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Ground elder in new and existing borders

January 8th, 2018 · No Comments

On the new and existing garden borders that contain ground elder if you use ground or weed sheeting covered by bark mulch that will stop the ground elder and kill it through lack of sunlight. You can plant through the sheeting with plants by cutting crosses in the sheeting and planting through the sheeting
You will find that some of the ground elder will come up at the edges of the sheeting and sometimes in the crosses you cut into the sheeting to carry out planting. In this case use a small hand held sprayer with Round up weed killer to treat these areas of ground elder as a spot treatment with several applications over the spring and early summer.
With the Round up if you buy it in the litre bottles as it stronger and mix it will 60 percent water here is a link
https://www.ashridgetrees.co.uk/roundup-weedkiller

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Pruning climbing honeysuckle

December 7th, 2017 · No Comments

Over the winter months you can prepare your honeysuckle for new growth and new flowers in the coming spring.
First prune removing all the dead diseased and damaged stems cut back some of the new shoots that were created in last years growing season.
Once all the leaves have fallen off in December or January it’s also a good idea to give the plant and winter wash to remove all the overwintering pests and diseases.
Finally in the early spring provide the honeysuckle with a couple of handfuls of Growmore fertiliser just to ensure some strong new growth and new flowers which in most cases will be formed on the new season growth.

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Overwintering Geraniums.

December 7th, 2017 · No Comments

Overwintering geraniums – As the season draws to a close its time to save you summer geraniums before the hard frosts arrive.To do this dig up you geranium plants and cut them back to the main structure of the plant just leaving a frame work of the larger branches.The softer grow removed can be used to create softwood cuttings.
click here for more details.
With the remaining plants pruned back pot them us into large boxes or pots with a John Inness soil based compost making sure the compost is quite dry. Then place them on or near a window sill in a cool frost free area overwinter.Water very lightly every two weeks to stop them totally drying out.Then you will find in February to early March they will have produced a number of shoots that can be again used for softwood cuttings.Then at the end of March re-pot the plants and start to water and feed them before planting them out into the final bedding positions in the garden or your tubs.One final point whilst over wintering the geraniums keep an eye open for fungal infections and remove any dead of damaged leaves or stems.

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Getting Your Christmas Cactus To Flower.

December 5th, 2017 · No Comments

Treat them mean and keep them keen – A term not often used in relation to plants but in the case of a Christmas Cactus its the key to getting them to flower at the best.Ideally they need to be grown pot bound and slightly under fed so the leaves start to yellow in the autumn.This treatment of a Christmas Cactus will help induce the plant to flower at its most prolific.Then when its finished flowering in late winter give it a light house plant feed and when the risk of frost has passed place the plant outside on a patio so that the summer rains can remove all the dust that builds on the plants leaves over the winter inside.

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Planting for interest near a privet hedge 

October 30th, 2017 · No Comments

Privet hedges are quite hungry and deplete the soil near to them of organic matter and nutrients so to grow plants near to a privet hedge you need to improve the soil with spent mushroom compost and a general fertilizer such Growmore fertilizer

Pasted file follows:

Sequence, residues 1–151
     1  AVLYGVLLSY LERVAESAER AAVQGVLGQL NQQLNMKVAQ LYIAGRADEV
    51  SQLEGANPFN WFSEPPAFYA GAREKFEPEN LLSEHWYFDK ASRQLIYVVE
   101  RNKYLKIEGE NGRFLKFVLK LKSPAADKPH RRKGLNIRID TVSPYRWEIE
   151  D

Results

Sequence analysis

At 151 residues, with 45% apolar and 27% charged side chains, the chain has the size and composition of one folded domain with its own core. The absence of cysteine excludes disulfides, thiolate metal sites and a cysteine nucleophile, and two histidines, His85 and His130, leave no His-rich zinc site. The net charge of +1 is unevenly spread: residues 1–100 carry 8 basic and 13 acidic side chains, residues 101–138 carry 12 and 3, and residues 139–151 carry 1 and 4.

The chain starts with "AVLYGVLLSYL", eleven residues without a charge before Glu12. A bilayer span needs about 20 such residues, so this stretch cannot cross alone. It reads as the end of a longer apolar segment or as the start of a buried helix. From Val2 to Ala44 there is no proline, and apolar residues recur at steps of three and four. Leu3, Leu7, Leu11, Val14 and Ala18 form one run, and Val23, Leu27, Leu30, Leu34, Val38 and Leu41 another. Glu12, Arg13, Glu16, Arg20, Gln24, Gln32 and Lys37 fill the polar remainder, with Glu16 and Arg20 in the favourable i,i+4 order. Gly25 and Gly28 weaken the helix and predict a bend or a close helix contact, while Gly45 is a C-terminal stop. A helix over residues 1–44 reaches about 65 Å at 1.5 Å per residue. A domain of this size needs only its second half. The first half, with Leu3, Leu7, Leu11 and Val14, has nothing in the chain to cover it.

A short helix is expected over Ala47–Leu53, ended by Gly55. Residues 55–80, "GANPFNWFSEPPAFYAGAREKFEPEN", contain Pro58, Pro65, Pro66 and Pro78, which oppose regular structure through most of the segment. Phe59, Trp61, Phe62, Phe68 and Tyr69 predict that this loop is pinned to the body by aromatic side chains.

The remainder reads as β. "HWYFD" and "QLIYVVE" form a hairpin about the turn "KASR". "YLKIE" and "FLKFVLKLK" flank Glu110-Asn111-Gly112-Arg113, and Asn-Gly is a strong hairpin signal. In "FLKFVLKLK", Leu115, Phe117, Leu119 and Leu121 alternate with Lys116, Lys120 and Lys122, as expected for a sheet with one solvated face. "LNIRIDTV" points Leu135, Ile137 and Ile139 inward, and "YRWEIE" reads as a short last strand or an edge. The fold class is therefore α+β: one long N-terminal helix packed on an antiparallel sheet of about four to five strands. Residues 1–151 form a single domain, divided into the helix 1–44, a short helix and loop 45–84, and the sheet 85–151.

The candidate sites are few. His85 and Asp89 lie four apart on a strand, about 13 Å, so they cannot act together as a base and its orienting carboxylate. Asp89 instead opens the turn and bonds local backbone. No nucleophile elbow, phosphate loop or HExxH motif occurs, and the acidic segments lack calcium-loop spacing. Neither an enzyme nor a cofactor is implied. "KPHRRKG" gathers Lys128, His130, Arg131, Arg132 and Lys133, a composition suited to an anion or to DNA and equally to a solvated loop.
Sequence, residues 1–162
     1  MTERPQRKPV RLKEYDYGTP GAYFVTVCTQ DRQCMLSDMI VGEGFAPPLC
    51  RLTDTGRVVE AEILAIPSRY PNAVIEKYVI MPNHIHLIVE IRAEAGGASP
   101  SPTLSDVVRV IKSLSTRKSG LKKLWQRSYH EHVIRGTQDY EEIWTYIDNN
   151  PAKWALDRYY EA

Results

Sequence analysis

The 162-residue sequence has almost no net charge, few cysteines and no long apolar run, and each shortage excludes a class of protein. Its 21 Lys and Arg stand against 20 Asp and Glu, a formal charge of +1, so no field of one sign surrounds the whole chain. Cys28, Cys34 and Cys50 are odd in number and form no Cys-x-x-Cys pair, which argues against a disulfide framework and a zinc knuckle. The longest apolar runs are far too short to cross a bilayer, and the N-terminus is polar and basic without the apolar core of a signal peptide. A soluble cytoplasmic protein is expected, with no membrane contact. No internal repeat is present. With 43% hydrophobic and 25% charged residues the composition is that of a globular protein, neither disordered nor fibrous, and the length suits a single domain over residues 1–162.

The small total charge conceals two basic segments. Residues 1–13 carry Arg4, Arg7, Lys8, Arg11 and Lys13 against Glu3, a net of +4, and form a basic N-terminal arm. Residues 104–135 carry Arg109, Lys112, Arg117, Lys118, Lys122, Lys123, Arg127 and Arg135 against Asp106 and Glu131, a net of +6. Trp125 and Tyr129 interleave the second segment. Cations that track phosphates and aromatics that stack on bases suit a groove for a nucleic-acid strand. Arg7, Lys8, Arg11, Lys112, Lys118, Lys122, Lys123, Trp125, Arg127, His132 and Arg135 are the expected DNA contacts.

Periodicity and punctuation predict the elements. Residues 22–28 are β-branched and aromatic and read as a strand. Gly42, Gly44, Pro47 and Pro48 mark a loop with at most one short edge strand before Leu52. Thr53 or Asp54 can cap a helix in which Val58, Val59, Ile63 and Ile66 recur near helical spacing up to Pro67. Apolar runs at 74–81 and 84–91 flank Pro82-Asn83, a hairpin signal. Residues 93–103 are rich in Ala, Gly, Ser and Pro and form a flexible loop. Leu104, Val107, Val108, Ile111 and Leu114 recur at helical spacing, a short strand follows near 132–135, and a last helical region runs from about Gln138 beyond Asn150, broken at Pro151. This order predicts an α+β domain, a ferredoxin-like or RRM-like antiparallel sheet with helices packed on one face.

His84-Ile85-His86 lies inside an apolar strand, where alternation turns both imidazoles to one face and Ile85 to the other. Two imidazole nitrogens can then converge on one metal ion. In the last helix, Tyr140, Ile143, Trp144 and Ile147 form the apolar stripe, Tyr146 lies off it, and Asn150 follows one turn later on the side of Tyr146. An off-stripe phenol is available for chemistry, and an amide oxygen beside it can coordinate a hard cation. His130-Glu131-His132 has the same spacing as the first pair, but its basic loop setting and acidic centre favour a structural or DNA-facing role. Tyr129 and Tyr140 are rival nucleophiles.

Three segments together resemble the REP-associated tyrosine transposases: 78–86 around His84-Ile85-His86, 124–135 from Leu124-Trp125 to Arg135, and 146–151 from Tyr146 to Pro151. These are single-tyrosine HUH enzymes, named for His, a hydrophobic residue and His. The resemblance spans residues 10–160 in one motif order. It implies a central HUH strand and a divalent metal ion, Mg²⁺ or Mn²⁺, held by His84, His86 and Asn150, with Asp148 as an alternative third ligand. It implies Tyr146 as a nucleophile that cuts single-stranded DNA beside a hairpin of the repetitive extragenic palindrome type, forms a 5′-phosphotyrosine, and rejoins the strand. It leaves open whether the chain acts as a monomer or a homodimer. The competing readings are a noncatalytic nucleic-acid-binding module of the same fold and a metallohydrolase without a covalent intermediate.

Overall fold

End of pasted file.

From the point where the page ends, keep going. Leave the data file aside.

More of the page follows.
Plants to consider planting near a privet hedge include the following

cyclamen hederifolium

brunnera macrophylla

Euphorbia myrsinites

Lonicera nitida Baggesen’s Gold

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Plants for creating a seaside style garden 

September 12th, 2017 · No Comments

Plants for creating a seaside style garden 

Tamarix

Armeria

griselinia littoralis

festuca glauca elijah blue

verbascum gainsborough

echium vulgare

Cordyline Australis Red Star

Rosmarinus officinalis

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Native bluebells 

May 1st, 2017 · No Comments

There are two species of bluebell found in the UK. Native or British bluebell and non-native Spanish bluebell. Cross-breeding between the two species means you may spot flowers which combine traits from both.
The easiest way to tell the difference between native and non-native bluebells is to look at the colour of the pollen. If it is creamy-white then the bluebell is native. If it is any other colour such as pale green or blue then it’s not native.
These other characteristics will also help you to tell the difference.

Native Hyacinthoides non-scripta
native bluebells

Native bluebells

Pollen cream-white colour

Deep violet-blue. A genetic mutation occasionally causes white flowers

Flower stem droops or nods distinctly to one side

Almost all flowers are on one side of the stem, hanging down to one side

Flowers are a narrow, straight-sided bell with parallel sides

Petal tips are reflexed (curl back)

Flowers have a strong, sweet scent

Spanish Hyacinthoides hispanica 

Spanish bluebells

Spanish bluebells

Pollen green or blue

Pale to mid-blue, often also white or pink

Flower stem is stiff and upright

Flowers are usually all the way round the stem, with the flowers sticking out

Flowers are a wide open, almost cone shaped bell

Petal tips flare slightly outwards

Flowers have little or no scent at all

Why are non-native bluebells a threat?

Spanish bluebell is a threat to our native species because they readily cross-breed resulting in the fertile hybrid Hyacinthoides hispanica x non-scripta.

This is a problem because crossbreeding dilutes the unique characteristics of our native Bluebell, changing future generations forever.

Most bluebells in urban areas are now thought to be hybrids and a study by Plantlife found that one in six broadleaved woodlands contained the hybrid or Spanish bluebell.